In the past phase of the project we’ve been focussing (amonst others) on the manual annotation process. Finally, it’s are getting along well. It has been quite a struggle appropriately placing the entity stamps, having the computerized annotations in the back of our heads (even though this shouldn’t be influential…)
Computer-wise, it’s now a matter of figuring out do we deal with the relative and absolute dates and times in the text, with reference to the publication date of the article.
Hopefully we can finalize the first article batch next week in order to start an evaluation!
Fascinating to see how worlds collide in where computer scientists and social scientists are working together to see how we can make sense of large datasets to understand activist groups’ tactics and their targets’ responses.
Clearly, not a question for which a ready-made package is available so we’re working hard to assemble helpful tools and to provide some well-coded bits of data to serve as gold standards for the tools. Once again we note how complicated language can be – but we’re making progress, using a sample data set on that gives enough food for (coding) thought…
Historically, whenever we wanted to convey large amounts of potentially complex information to others, we would write it down using a copious amount of text. While this has worked fairly well for many centuries – and in fact still does for many types of information – it is not necessarily the most efficient nor the most enticing method to convey information. But what alternative is there then?
Earlier this month we presented some of our ideas at different conferences. While Lora went to Boston to present a paper at the “Workhop on Detection, Representation, and Exploitation of Events in the Semantic Web” (see the slideshare here), Frank went to Copenhagen to discuss some of the ideas at a workshop at Copenhagen Business School which was followed by a seminar.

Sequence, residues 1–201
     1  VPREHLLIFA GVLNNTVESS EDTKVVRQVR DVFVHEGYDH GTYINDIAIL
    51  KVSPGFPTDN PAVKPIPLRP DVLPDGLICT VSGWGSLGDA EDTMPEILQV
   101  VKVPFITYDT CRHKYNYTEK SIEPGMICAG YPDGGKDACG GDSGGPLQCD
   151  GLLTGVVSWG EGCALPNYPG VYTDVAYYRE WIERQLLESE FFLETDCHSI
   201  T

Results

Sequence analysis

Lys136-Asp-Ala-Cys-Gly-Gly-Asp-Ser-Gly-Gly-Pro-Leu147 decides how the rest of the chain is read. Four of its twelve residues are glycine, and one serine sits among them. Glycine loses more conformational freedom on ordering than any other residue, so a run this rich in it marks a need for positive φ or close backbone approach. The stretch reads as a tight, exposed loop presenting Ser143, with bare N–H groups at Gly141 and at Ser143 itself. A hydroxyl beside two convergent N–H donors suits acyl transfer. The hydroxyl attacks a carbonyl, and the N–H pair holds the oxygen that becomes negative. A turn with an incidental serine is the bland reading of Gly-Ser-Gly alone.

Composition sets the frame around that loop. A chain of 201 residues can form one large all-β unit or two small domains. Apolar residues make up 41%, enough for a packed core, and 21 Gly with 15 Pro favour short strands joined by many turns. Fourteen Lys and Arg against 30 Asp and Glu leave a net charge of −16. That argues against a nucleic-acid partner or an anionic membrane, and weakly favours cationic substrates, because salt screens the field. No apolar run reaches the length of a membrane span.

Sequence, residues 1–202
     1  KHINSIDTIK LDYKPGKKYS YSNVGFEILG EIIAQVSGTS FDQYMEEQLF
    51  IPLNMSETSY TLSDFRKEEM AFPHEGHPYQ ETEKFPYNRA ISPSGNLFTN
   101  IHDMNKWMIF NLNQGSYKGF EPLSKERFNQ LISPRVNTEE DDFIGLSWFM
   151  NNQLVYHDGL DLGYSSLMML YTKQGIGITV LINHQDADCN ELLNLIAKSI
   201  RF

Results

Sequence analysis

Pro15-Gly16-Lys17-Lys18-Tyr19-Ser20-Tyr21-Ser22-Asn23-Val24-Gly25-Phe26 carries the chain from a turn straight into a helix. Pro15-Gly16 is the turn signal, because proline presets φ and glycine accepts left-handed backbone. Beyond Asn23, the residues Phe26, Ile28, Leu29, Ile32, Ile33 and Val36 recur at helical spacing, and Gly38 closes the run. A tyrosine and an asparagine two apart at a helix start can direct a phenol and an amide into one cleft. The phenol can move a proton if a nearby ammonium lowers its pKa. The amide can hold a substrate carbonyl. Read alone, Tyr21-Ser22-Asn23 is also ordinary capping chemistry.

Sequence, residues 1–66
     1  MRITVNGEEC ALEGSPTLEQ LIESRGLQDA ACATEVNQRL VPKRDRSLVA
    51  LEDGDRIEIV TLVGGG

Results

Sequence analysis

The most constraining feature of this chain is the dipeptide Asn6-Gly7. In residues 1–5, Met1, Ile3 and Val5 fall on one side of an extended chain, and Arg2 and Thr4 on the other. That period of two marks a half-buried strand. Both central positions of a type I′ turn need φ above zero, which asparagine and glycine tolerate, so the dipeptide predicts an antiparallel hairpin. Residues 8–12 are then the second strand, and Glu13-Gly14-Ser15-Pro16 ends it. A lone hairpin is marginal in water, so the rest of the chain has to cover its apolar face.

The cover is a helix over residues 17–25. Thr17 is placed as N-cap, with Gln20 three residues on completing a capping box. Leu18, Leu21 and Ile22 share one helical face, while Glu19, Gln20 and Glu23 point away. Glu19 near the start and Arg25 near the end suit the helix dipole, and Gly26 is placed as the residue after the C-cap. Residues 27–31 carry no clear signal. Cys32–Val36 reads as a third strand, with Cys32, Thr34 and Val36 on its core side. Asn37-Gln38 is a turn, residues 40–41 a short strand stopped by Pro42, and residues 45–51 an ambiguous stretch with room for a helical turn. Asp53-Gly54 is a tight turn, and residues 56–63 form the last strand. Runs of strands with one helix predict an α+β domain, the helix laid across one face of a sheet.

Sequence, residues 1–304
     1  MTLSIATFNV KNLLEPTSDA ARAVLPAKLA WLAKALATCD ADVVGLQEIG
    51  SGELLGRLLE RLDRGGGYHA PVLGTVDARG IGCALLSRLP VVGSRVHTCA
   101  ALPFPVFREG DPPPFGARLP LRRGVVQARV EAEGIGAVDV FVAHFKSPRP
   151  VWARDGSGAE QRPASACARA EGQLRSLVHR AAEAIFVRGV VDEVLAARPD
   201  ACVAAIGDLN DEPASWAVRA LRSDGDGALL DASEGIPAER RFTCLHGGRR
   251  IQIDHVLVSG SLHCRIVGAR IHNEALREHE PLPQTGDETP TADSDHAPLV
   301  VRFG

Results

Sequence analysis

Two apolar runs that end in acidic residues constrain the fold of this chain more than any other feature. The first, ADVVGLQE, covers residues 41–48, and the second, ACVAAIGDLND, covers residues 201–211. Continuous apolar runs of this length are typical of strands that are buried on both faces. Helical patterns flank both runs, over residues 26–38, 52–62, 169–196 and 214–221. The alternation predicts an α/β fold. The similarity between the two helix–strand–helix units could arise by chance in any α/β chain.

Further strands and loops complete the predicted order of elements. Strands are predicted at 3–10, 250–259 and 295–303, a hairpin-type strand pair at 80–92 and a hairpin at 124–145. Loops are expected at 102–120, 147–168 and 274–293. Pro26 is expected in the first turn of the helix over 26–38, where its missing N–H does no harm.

At the workshop a range of scholars was present, including Lance Bennett who discussed the work he is doing with the Center for Communication & Civic Engagement in Seattle, Zizi Papacharrissi who works in Chicago on social media and identity and a range of other researchers such as Itziar Castello, Mette Morsing, Tobias Goessling, Anne Vestergaard, Friederike Schultz, Julie Uldam and Dennis Schoeneborn.
After two days in Copenhagen and a trip by train into the countryside, part of the participants continued the conversation in Vejle at the first nSICE workshop ’Social Media and Civic Engagement: Contesting the Mainstream’.nSICE is the Network on Social Innovation and Civic Engagement and the workshop was embedded in the biannual conference of the Danish Association of Media Researchers (SMiD). A range of topics was debated, ranging from CSR, institutional change, Occupy and tactics.
In both workshops our event-based approach attracted several questions – we received a range of helpful comments and ideas for further research, once again assuring us that the ideas are intriguing but that the proof of the pudding is in the eating. Let’s go get some results!
We created a research poster to present our work. You can find it at the following link.
MONA Research Poster 2012
Social scientists studying the activity of activist organizations are faced with an overwhelming amount of possibly biased and out of context source material.
The MONA project aims at developing a tool that gathers source material (e.g. news articles, blog posts), extracts events and their properties (e.g. actors, locations, timestamps) from these materials, analyzes links between events, and visualizes the results. By doing this, MONA attempts to alleviate the aforementioned problems.
Through this blog the MONA project team will keep you up-to-date on the progress of the project.